WEST LAFAYETTE, Ind. – Overeating doesn’t do a dairy cow any more good than it does a human. In fact, the negative consequences could be greater when a bovine makes a pig of itself, said Tim Johnson, Purdue University Extension dairy nutrition specialist.
Dairy producers need to carefully monitor how much supplemental protein they feed their animals in order to avoid possible environmental and herd health problems, as well as higher operating costs.
Too good. Bovines are good at processing protein – almost too good, Johnson said. Therein lies the trouble with overfeeding protein supplements such as soybean meal.
“The cow is an incredibly efficient animal in utilizing nitrogen and amino acids to make milk protein,” he said.
The overflow, which we might call the excess protein that a cow could consume, is excreted in two ways. One is in the urine and the other is in the milk. By monitoring milk urea nitrogen, you can determine whether you are overfeeding protein by a greater amount than is actually required for the cow to manufacture the milk protein.
Urea. Urea is an organic molecule formed from ammonia in the liver and then packaged for reabsorption from the blood into the cow’s rumen or transported to the kidney for excretion. Urea resides in blood and other body fluids and is a normal component of milk.
The conversion of ammonia to urea prevents ammonia toxicity in the dairy cow, which processes huge amounts of nitrogen into milk protein each day.
Producers have known that feeding supplemental protein carries both rewards and risks. With the growth of the biofuels industry, they will have to be even more aware of the proper feeding rates, Johnson said.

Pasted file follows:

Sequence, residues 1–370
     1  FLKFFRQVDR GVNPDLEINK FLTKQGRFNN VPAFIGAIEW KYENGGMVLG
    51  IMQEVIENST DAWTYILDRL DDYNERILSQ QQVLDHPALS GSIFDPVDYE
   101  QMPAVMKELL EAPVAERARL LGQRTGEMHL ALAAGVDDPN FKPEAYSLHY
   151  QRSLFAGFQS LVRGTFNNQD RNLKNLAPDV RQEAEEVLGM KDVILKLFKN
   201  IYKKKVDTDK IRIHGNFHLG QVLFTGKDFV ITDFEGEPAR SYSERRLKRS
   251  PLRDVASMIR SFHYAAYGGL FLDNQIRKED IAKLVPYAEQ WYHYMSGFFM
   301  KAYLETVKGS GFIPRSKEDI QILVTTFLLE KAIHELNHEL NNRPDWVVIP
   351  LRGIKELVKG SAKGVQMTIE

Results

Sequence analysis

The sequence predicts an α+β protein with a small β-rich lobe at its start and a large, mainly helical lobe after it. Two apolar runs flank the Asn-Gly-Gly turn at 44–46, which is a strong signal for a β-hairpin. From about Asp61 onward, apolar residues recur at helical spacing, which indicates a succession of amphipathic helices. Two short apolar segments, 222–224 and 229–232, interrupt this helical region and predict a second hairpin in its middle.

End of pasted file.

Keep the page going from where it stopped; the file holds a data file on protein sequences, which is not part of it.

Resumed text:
“With the influx of ethanol distilleries all over the state, the ethanol byproduct – dried distillers grains with solubles – is coming as a very economically efficient energy and protein source,” he said. “And yet, there can be problems that are related to overfeeding dried distillers grains.”
Problems. One potential problem with feeding too much distillers grains with solubles is that the unsaturated fat – corn oil – in the solubles can inhibit some fiber digesting bacteria normally found in the rumen. This can lead to depressed milk fat, a valuable component used to make butter.
There’s also the environmental consequence of feeding too much protein through the possible contamination of waterways.
The other possibly negative side effect of overfeeding protein relates to the reproduction of the dairy cow. There is some indication that there can be more loss of pregnancies in beef cattle. And in dairy cattle, the conception rate after breeding can be lower in dairy cows that have been way overfed protein.
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